This also shows the 4 measures coming out of the power meter through the ANT+ connection to your head unit. Power and cadence is there – no need for a separate cadence sensor anymore. You also get Pedal Smoothness and Torque Effectiveness. Those metrics can help you with the pedaling style. PS is about how even you keep the torque on the spindle over a full rotation. TE is showing more about how good you are at pulling up the foot in the up-phase of the pedal stroke.

    What to look for?

    Comparing power meters is an art and you are never going to get this 100% the same no matter how you do it given where the technology is today. We believe the accuracy is plenty good as it is – and so does the brands that use this technology after endless pro-level testing. The more important things to focus on for an MTB power meter is the ability to ignore vibrations. We started to do this kind of testing back in 2016 (YouTube) when we discovered how other power meters would “spike” and show crazy high power (YouTube) in places with hardly any pedaling going on.

    We think we got that working to world-class level today and the algorithms used for this are constantly updated using the latest knowledge and data collected. In fact, the app will allow you to record and upload a ride with so much extra information that we can re-run your exact ride with any algorithmic improvements we make. See something wonky going on? Just let us know and we can fix it.

    The name ÿding?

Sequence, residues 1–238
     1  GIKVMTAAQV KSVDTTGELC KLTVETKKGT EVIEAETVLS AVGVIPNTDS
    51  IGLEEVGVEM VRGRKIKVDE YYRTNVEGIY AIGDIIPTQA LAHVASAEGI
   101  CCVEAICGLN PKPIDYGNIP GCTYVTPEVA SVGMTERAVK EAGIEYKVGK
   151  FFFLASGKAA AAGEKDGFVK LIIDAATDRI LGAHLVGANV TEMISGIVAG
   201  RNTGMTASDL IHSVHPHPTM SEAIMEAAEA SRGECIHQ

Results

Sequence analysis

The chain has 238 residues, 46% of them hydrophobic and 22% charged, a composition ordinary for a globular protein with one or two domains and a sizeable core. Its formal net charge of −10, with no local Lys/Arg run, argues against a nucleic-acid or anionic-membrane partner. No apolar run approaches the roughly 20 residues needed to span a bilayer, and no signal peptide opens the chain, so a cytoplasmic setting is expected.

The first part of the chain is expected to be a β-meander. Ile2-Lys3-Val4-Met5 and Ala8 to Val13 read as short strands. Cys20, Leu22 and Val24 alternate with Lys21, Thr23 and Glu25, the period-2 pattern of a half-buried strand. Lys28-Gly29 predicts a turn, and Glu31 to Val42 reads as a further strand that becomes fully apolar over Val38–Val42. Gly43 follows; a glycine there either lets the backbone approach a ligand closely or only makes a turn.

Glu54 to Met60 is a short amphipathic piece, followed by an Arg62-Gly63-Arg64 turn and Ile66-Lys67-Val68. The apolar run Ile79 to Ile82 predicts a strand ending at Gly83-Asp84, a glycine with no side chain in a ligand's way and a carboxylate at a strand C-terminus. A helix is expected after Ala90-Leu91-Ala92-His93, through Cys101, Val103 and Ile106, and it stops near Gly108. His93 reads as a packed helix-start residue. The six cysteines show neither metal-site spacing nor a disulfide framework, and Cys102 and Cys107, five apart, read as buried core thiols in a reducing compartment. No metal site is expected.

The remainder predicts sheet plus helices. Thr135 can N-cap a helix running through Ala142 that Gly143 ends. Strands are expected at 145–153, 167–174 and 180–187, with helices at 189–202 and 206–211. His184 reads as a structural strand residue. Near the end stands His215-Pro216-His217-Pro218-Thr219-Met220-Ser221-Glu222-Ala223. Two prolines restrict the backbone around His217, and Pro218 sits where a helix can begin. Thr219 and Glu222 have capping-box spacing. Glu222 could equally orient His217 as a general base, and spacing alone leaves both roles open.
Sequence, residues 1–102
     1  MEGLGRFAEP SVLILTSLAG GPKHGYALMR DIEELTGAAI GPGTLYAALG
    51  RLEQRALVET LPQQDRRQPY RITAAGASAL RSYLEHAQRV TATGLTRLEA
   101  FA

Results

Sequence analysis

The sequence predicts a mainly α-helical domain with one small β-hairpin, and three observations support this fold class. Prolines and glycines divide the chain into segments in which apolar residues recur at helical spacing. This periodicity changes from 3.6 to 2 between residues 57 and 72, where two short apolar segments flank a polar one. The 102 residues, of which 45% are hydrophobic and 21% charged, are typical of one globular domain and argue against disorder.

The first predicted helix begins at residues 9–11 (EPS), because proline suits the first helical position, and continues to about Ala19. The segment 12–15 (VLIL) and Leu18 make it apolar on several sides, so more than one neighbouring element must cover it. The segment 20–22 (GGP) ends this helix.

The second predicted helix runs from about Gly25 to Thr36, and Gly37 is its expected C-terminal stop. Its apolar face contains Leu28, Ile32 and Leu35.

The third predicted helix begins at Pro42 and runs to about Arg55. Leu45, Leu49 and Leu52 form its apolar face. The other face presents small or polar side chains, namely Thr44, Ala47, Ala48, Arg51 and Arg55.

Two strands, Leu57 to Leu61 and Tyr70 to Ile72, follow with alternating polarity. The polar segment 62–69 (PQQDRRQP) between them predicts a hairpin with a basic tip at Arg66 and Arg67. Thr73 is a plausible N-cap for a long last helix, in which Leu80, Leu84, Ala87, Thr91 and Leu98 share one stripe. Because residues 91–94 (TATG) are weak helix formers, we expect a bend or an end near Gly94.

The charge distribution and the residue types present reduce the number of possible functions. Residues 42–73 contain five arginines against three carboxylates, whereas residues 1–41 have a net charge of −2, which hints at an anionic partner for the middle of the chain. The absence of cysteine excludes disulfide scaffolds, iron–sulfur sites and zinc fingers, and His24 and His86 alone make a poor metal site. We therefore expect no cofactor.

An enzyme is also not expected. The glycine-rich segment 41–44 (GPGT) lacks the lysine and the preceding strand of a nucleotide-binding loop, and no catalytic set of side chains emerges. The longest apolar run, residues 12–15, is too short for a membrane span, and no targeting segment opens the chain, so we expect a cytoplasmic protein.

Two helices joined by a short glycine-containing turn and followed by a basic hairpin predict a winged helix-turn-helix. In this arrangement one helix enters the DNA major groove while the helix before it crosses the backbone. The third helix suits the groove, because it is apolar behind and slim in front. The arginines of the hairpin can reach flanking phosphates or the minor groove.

So where does the name ÿding come from?

    Simple – the highest point in Denmark where the technology was developed is Yding Skovhøj (here is how to pronounce it in Danish). So even though this is only 172.5m above sea level it is the highest point and we wanted to honor this “peak”, so ÿding is the name. The ÿ is not a character used in any major language, so we threw those two dots in for the fun of it to make it truly unique.

    Yding Skovhøj really is not much of a peak, as you can read more about on Wikipedia, but it’s there and it is the highest point in the very flat country of Denmark. Actually, there is a lot of discussion about what is really the highest point, but I guess we are no different than the several “largest power meter stores” you can find online or the many “worlds longest beach” found around the world.

    Tell me more

    If you want to learn more about ÿding and how this can be your next MTB crankset, go to the ÿding page with all the specs.

    Dealer, Distributor or OEM?

    We are actively looking for the best ways to get this out on the market right now, so if you are a first-mover and interested in this. Get in touch by email to the support email We would love to talk to you.

    READ ON!